Shifts in global economic dominance are by nature tectonic and never precipitated by single events. The Great Recession of 2008–09, however, has presented the European Union, its common currency the euro, and the United States with new global challenges. The transatlantic partnership has dominated the world economy since the early 20th century and, based upon US and European values and interests, has designed and sustained all its principal global political and economic institutions. But countries outside the European Union and United States now account for about half of the world economy, and in the aftermath of the Great Recession their share is growing rapidly. Hence their increasing role and concomitant demands for greater influence over global economic governance pose a series of challenges and opportunities to the European Union and the United States, as illustrated by the eclipse of the G-8 by the G-20.
The contributions in this volume by subject area experts from the Peterson Institute for International Economics and Bruegel ponder how or whether the rise of outside actors of potentially equal, or even greater, economic weight will invariably force a rethinking of not only how the European Union and the United States should conduct policy externally towards the new rising economic poles, but also of the substantive contents of the EU-US bilateral economic and political relationship.
|Publisher:||Peterson Institute for International Economics|
|Product dimensions:||5.90(w) x 8.90(h) x 0.90(d)|
About the Author
Jacob Funk Kirkegaard, senior fellow, has been associated with the Institute since 2002. Before joining the Institute, he worked with the Danish Ministry of Defense, the United Nations in Iraq, and in the private financial sector. He is a graduate of the Danish Army's Special School of Intelligence and Linguistics with the rank of first lieutenant; the University of Aarhus in Aarhus, Denmark; Columbia University in New York; and received his Ph. D from Johns Hopkins University, School of Advanced International Studies. He is author of The Accelerating Decline in America's High-Skilled Workforce: Implications for Immigration Policy (2007), coauthor of US Pension Reform: Lessons from Other Countries (2009) and Transforming the European Economy (2004), and assisted with Accelerating the Globalization of America: The Role for Information Technology (2006).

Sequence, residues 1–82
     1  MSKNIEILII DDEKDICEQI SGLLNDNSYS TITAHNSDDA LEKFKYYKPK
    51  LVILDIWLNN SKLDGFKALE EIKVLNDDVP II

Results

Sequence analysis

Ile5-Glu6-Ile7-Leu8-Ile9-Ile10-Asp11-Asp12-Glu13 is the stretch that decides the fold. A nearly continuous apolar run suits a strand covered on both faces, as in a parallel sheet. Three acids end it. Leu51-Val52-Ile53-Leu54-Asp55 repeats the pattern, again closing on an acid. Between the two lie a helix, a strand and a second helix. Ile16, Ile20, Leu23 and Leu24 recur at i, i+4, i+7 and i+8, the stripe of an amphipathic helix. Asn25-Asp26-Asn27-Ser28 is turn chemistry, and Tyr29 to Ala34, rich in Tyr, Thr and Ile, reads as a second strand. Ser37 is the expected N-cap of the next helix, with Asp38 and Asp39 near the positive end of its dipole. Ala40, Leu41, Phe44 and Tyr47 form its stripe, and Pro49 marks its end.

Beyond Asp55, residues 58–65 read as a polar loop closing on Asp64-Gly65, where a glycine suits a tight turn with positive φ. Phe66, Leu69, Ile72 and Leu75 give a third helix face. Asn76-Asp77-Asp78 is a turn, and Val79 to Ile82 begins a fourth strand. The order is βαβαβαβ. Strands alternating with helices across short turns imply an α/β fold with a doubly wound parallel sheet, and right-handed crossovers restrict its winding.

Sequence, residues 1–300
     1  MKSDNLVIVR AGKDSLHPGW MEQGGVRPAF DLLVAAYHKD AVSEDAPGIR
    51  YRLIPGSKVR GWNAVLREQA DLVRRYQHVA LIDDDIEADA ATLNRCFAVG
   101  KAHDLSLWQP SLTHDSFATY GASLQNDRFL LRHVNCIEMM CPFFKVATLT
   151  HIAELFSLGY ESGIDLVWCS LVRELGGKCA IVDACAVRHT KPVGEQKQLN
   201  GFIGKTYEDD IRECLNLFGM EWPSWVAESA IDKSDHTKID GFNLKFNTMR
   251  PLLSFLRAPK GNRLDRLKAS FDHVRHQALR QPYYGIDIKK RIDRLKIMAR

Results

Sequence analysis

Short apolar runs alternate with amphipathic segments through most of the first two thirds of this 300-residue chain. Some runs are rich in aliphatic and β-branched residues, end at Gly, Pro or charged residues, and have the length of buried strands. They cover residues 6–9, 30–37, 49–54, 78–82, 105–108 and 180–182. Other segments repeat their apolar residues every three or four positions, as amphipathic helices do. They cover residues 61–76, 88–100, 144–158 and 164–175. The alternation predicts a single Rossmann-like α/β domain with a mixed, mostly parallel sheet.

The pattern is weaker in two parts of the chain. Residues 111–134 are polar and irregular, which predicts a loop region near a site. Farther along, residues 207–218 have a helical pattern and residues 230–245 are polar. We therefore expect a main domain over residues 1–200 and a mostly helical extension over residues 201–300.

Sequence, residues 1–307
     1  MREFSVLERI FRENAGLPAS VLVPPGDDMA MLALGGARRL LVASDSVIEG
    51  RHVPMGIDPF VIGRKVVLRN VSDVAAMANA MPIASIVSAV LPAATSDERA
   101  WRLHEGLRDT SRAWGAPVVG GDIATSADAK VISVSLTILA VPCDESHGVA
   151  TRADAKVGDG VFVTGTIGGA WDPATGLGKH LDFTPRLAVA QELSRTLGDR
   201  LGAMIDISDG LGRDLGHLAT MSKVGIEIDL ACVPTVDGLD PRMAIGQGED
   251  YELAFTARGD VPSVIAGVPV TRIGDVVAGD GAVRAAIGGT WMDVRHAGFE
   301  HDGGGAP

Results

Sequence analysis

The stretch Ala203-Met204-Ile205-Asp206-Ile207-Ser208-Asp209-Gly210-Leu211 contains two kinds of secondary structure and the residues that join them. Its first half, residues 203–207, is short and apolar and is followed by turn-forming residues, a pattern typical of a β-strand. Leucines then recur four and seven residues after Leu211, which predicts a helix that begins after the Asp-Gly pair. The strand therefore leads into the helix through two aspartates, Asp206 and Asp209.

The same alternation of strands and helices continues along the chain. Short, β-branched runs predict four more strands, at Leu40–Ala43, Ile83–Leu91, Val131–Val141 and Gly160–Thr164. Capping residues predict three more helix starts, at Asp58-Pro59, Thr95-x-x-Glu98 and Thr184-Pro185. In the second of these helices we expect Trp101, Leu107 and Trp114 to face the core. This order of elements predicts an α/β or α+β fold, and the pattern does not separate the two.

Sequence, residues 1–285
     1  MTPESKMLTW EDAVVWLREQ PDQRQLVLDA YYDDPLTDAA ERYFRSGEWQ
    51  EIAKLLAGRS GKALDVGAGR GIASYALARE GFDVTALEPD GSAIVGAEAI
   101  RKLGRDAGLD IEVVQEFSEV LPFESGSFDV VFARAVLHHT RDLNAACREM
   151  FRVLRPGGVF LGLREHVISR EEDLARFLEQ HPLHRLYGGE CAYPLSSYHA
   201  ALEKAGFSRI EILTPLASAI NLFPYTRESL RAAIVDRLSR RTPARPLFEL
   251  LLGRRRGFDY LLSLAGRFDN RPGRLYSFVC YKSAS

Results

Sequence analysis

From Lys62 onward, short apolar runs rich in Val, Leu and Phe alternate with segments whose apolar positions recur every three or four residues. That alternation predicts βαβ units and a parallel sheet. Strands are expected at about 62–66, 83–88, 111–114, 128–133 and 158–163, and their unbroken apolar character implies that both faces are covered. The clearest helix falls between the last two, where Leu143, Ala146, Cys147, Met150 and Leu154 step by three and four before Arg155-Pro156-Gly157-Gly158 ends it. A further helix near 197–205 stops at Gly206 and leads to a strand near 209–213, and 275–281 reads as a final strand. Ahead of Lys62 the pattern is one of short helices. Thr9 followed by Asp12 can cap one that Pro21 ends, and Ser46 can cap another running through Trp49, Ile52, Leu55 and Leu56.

Nicolas Véron, visiting fellow since October 2009, is also a senior fellow at Bruegel, a Brussels-based economic policy think tank he helped cofound in 2002–04. A French citizen and graduate of Ecole Polytechnique and Ecole Nationale Superieure des Mines de Paris, he has held various positions in the public and private sectors, including as corporate adviser to France's labor minister (1997–2000), as chief financial officer of the publicly listed internet company MultiMania / Lycos France (2000–2002), and as an independent financial services consultant. Since 2008 he has been a member of the CFA Institute's Corporate Disclosure Policy Council, and since July 2013 a board member of the derivatives arm of DTCC (the Depository Trust and Clearing Corporation), a global financial infrastructure company.
Guntram Wolff is the Director of Bruegel. His research focuses on the European economy and governance, on fiscal and monetary policy and global finance. He regularly testifies at the European Finance Ministers' ECOFIN meeting, the European Parliament, the German Parliament (Bundestag) and the French Parliament (Assemblée Nationale) and is a member of the French prime minister's Conseil d'Analyse Economique. Guntram Wolff is also a member of the Solvay Brussels School's international advisory board of the Brussels Free University. He joined Bruegel from the European Commission, where he worked on the macroeconomics of the euro area and the reform of euro area governance. Prior to joining the Commission, he was coordinating the research team on fiscal policy at Deutsche Bundesbank. He also worked as an adviser to the International Monetary Fund.